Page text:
• (Table 7 compares silent participants to owners across motivations and types of work.) The main interpretation from this table is that "the leadership role itself" when holding all else constant "accounts for some of the additional effort that owners contribute in active community building"
  • "The degree to which participants' valued benefits from the groups also predicted their community building work, over and above their type of membership and group attributes" (24)


Drawing from this analysis, the authors argue that "unlike what seems to happen in many real world groups and organizations, technical responsibility in online groups goes hand in hand with social responsibility." However, "despite this evidence that the formal leadership role is important, our data also show that other members also engage in time-consuming, community-building work." They also observe that contributors were more likely to engage in community building work if they knew more of the other contributors outside the mailing list.

The authors make one recommendation for leaders from their results: "if leaders want to increase community building work done by other members, they can focus on increasing the social benefits and relationships that members derive from the group."

Theoretical and practical relevance:

This paper offers a great overview of early research on community-building effort in online communities. Based on research up through the late 1990s, it also connects to related work within social psychology up to that point. Although I might pause before applying the quantitative results (or even the motivational framework) to our contemporary understanding of online communities, this paper offers a nice starting point for quantitative methodologies that can offer rich results for interpretation on the labor of community maintenance and management. -- Natematias (talk) 17:17, 11 February 2015 (UTC)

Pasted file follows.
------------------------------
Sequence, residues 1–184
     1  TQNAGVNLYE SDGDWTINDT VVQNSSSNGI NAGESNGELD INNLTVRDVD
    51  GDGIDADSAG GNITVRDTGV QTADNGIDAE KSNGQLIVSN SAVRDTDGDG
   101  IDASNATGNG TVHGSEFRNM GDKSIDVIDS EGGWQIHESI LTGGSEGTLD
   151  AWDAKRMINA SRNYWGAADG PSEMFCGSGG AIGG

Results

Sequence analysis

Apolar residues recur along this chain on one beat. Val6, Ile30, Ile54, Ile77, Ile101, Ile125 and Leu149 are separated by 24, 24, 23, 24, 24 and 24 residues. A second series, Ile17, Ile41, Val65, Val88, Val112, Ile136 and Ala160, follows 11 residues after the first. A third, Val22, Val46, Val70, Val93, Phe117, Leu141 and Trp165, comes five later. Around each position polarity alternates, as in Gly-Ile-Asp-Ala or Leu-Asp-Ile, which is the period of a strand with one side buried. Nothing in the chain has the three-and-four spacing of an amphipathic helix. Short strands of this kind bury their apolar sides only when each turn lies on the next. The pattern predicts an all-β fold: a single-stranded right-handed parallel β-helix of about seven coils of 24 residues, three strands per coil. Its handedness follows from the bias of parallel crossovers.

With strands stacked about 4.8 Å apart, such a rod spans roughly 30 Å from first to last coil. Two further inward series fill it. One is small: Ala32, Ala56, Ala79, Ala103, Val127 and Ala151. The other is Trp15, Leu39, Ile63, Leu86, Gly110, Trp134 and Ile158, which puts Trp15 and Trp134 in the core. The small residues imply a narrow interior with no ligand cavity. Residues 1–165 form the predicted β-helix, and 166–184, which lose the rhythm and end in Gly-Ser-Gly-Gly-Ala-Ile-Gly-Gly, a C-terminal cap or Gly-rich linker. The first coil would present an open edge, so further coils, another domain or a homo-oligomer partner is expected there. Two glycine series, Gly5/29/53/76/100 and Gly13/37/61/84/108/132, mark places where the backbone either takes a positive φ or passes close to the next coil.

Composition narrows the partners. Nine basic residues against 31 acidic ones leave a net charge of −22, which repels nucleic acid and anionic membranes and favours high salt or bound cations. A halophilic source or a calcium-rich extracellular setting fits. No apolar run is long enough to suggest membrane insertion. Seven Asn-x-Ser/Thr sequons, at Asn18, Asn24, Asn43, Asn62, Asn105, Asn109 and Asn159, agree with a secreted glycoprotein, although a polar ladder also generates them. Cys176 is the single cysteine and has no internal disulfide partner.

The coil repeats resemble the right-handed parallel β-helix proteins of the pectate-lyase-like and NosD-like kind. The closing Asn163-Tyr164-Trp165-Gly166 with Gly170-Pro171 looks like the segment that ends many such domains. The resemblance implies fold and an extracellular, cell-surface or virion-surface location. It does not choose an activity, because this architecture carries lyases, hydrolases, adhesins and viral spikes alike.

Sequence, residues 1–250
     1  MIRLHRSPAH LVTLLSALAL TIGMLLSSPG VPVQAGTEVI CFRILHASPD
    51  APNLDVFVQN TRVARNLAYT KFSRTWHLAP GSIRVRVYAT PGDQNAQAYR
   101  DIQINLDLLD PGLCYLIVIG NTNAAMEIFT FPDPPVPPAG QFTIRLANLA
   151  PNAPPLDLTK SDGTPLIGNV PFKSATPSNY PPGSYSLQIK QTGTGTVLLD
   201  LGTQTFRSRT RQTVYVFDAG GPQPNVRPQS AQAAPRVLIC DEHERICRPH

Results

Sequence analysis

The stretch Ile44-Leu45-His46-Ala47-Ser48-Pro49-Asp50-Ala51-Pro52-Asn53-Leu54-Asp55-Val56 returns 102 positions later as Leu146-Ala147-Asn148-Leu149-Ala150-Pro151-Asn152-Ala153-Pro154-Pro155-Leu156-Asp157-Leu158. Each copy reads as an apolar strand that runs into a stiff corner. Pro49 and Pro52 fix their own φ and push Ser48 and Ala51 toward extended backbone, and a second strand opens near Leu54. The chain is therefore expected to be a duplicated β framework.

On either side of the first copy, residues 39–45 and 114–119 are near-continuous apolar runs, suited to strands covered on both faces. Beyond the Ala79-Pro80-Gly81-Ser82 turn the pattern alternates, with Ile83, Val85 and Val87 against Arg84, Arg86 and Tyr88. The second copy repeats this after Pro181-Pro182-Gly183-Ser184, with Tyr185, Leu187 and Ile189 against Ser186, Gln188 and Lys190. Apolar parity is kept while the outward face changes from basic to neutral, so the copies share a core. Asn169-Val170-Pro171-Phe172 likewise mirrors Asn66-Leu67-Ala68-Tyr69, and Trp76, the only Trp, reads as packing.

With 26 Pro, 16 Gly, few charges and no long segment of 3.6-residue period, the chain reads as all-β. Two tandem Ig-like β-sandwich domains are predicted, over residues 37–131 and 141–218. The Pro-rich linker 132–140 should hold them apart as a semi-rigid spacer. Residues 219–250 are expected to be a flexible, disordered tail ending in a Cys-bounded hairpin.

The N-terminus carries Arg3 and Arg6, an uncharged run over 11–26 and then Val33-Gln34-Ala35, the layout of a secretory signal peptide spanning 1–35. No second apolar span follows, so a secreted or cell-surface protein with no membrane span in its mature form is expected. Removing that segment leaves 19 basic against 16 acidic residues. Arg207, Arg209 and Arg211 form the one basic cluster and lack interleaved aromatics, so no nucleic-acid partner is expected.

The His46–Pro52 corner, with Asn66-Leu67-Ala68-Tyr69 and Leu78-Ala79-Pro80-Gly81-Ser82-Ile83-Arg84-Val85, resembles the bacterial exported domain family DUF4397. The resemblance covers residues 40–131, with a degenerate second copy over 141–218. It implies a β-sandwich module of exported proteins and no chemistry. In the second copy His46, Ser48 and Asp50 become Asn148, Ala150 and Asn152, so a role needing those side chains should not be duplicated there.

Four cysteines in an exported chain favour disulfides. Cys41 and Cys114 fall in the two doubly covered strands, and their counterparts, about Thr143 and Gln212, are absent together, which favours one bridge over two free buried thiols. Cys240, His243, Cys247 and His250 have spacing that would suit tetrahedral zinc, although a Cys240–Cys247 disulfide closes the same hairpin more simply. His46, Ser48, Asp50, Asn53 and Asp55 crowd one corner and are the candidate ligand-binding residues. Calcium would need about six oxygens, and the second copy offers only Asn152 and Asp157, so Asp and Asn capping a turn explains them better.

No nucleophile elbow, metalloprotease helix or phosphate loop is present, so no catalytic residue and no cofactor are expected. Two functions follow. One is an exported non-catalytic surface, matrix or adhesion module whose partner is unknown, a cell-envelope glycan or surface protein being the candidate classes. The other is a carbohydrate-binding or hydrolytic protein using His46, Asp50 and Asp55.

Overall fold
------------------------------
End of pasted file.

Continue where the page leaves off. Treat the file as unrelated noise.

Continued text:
Notable References

  1. Kollock, P., & Smith, M. (1996) Managing the virtual commons: Cooperation and conflict in computer communities. In S.C. Herring (Eds.) Computer mediated communication: Linguistic, social, and cross-cultural perspectives (pp.226-242). Philadelphia: John Benjamins Publishing.
  2. Sproull, L. & Faraj, S. (1995). Atheism, sex, and databases: The net as a social technology. In Brian Kahin and James Keller (eds.), Public Access to the Internet (pp. 62-81). Cambridge: The MIT Press.
  3. Lerner, J., & Tirole, J. (2000, February 25). The simple economics of open source.
  4. Callero, P. L., Howard, J. A., & Piliavin, J. A. (1987). Helping behavior as a role behavior: disclosing social structure and history on the analysis of prosocial action. Social Psychology Quarterly, 50, 247-256.
  5. Grube, J. A., & Piliavin, J. A. (1996, May). Role Identity, organizational commitment, and volunteer perofrmance. Paper presented at the annual meeting of the Society for the Psychological Study of Social Issues, Ann Arbor, MI.
  6. Piliavin, J. A., & Callero, P. (1991). Giving blood: The development of an altruistic identity. Baltimore: Johns Hopkins Press.